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Commercial kitchen grease extract cleaning: your responsibilities

By: Robert Wollerton on Oct 21, 2021

Kitchen grease extract systems are essential in any commercial kitchen, whether in a restaurant, hotel, school, hospital, or corporate workplace. These systems see a lot of action. Some commercial kitchens may be in use for 8, 16 or even 24 hours per day, creating a great deal of heat, grease and smoke. The role of the kitchen extract system is to clear all this from the air to ensure the overall working quality of the kitchen. 

Since kitchen extract systems see a lot of use, grease can build up within the system, causing a major fire risk. Regular cleaning is therefore vital for preventing the risk of fire and maintaining the efficiency of the system. 

But what are your responsibilities as an employer or building owner? And how frequently should you carry out kitchen extract cleaning?

Your responsibilities - guidelines and regulations

Most insurers will require you to regularly clean your kitchen extract system. But the responsibility is on the building owner or organisation to make their own risk assessment.

The BESA Fire Risk Management Grease Accumulation within Kitchen Extract Systems (TR19 Grease) is the most up to date best practice guidance for ensuring kitchen extract systems are maintained to minimise the risk of fire associated with grease accumulation.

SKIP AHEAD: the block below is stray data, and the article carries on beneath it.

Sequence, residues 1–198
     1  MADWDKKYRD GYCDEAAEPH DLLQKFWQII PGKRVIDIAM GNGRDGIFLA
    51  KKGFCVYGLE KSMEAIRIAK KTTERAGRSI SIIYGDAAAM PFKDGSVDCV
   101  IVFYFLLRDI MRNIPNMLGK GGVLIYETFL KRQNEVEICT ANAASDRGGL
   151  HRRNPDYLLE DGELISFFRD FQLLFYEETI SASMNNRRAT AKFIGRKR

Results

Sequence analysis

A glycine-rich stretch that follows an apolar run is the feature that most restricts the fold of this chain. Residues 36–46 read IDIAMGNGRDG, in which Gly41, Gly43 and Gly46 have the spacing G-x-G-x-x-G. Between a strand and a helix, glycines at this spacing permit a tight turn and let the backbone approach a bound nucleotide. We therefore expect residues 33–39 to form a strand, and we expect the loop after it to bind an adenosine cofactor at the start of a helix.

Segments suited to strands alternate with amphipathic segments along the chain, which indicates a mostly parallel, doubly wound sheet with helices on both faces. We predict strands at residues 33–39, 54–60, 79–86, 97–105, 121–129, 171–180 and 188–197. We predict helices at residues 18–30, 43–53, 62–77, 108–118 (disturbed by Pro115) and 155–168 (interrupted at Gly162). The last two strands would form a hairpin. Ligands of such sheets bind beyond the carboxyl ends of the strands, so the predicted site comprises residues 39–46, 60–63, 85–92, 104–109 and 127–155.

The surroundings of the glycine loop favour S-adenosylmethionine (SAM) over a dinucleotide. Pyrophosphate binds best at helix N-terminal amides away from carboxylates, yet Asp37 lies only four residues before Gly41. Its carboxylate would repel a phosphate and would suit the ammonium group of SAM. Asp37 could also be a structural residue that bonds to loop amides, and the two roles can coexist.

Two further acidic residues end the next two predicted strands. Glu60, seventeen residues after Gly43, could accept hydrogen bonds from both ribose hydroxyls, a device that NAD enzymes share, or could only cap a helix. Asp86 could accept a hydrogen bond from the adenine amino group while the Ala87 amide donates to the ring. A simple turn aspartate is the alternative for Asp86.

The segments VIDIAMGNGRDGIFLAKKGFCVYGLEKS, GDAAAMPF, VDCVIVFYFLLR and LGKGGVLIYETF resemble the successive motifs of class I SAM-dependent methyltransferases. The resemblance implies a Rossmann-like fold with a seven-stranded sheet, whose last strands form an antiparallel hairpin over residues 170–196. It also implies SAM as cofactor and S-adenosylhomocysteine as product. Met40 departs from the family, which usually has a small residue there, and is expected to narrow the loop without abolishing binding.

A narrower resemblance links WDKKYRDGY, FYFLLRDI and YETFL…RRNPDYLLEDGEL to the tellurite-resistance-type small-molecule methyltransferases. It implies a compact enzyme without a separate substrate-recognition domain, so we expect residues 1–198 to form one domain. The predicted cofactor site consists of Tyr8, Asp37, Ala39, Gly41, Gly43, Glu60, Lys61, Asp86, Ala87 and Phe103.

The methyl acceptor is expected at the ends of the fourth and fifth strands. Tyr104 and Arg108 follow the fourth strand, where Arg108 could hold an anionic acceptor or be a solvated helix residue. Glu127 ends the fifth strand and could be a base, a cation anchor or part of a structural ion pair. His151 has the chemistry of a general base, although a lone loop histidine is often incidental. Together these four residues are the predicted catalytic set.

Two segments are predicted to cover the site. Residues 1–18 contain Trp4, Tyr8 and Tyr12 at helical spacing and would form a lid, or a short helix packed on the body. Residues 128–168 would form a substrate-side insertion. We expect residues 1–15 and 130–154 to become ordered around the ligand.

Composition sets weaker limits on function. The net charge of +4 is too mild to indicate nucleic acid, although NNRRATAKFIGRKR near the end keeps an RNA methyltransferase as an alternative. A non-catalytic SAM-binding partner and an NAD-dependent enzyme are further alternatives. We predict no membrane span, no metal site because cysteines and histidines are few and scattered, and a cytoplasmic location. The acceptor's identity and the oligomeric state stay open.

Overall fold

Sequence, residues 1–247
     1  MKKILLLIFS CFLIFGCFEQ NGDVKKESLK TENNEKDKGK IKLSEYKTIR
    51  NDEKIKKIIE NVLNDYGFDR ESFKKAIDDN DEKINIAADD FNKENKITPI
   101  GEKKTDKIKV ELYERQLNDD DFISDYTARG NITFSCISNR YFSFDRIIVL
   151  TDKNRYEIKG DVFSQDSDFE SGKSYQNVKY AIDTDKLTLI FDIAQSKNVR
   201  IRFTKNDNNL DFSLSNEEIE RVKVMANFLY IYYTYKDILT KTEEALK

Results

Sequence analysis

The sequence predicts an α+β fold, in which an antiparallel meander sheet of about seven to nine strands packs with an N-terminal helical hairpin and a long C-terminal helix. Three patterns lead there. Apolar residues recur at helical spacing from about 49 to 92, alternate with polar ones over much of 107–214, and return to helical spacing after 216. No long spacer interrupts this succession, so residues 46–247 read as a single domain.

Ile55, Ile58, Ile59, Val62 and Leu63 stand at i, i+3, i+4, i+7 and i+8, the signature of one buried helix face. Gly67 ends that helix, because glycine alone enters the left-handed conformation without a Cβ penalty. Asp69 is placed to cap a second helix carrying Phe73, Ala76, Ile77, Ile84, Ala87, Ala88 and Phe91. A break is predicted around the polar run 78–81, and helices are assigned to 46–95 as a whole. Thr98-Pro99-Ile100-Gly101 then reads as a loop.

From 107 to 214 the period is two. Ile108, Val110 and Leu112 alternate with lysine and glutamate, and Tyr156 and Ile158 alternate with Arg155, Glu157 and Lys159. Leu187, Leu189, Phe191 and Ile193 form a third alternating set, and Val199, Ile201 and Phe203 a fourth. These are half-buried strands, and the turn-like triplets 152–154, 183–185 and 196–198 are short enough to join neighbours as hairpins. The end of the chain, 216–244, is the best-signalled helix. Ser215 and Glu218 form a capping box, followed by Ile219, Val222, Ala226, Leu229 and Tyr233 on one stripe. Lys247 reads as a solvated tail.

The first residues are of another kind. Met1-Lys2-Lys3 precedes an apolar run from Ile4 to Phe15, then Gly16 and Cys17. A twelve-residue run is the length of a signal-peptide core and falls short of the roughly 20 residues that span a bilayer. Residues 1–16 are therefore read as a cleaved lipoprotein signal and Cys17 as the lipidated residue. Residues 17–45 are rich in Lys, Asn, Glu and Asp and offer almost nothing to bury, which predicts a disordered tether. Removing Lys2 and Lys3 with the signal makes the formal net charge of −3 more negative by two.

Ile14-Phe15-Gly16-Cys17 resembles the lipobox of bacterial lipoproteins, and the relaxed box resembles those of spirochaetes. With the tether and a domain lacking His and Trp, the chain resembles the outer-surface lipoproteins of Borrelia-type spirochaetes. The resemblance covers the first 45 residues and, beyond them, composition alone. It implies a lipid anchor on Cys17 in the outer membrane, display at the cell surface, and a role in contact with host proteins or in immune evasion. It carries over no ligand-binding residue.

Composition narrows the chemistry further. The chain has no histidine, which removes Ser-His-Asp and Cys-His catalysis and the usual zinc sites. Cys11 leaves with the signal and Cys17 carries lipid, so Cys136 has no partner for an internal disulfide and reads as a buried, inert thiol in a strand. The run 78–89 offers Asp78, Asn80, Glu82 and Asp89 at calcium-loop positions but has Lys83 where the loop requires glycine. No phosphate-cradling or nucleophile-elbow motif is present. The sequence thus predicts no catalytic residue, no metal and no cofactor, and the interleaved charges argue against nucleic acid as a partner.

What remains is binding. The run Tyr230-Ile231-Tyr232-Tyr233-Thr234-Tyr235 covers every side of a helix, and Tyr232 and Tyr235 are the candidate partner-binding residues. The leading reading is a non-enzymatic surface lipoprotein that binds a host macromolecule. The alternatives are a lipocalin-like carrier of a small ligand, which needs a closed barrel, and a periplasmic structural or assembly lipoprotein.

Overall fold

TR19 is widely accepted within the building services sector and by the UK insurance industry as the standard to which ventilation systems should be cleaned. The guidance exists to help employers and building owners maintain a process for controlling the risk of grease related fires associated with operating commercial kitchen extract systems.

Under the Regulatory Reform (Fire Safety) Order 2005, employers or building owners are also required to carry out and maintain a Fire Risk Assessment of the premises. They will be able to identify potential hazards associated with kitchen extract ventilation, primarily those that are associated with inadequate cleaning programmes.

The risks associated with grease build up

But why is this all so important?

Grease fires can be particularly hazardous. Over time, grease and oil can accumulate inside a kitchen extract system. High temperatures and/or flames can cause these deposits to ignite, causing the fire to spread quickly through the system.

The ductwork can even be heated to such a degree that the surrounding materials can also ignite. This can lead to major property damage in the kitchen (and beyond), significant business interruption, and of course, present a serious health risk to occupants of the building. 

So it’s no surprise that insurers put a lot of focus on ensuring adequate cleaning is carried out to reduce the risk of fire. Claims may be refused by insurers where compliance with the terms of the insurance policy can’t be demonstrated.

As well a being a fire hazard, the accumulation of grease can also impact the efficiency of the system, making it much harder to function properly. 

Cleaning frequency - are you getting it right?